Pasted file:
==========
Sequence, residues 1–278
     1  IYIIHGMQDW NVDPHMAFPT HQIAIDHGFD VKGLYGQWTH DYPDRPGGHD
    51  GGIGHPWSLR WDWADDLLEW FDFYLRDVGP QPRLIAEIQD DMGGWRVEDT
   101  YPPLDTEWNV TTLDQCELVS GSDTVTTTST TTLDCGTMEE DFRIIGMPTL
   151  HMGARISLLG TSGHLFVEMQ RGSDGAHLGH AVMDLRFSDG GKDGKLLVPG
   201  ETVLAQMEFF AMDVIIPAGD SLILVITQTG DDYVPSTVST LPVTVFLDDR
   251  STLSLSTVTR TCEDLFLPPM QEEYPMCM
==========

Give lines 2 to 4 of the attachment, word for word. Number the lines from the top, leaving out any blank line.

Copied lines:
     1  IYIIHGMQDW NVDPHMAFPT HQIAIDHGFD VKGLYGQWTH DYPDRPGGHD
    51  GGIGHPWSLR WDWADDLLEW FDFYLRDVGP QPRLIAEIQD DMGGWRVEDT
   101  YPPLDTEWNV TTLDQCELVS GSDTVTTTST TTLDCGTMEE DFRIIGMPTL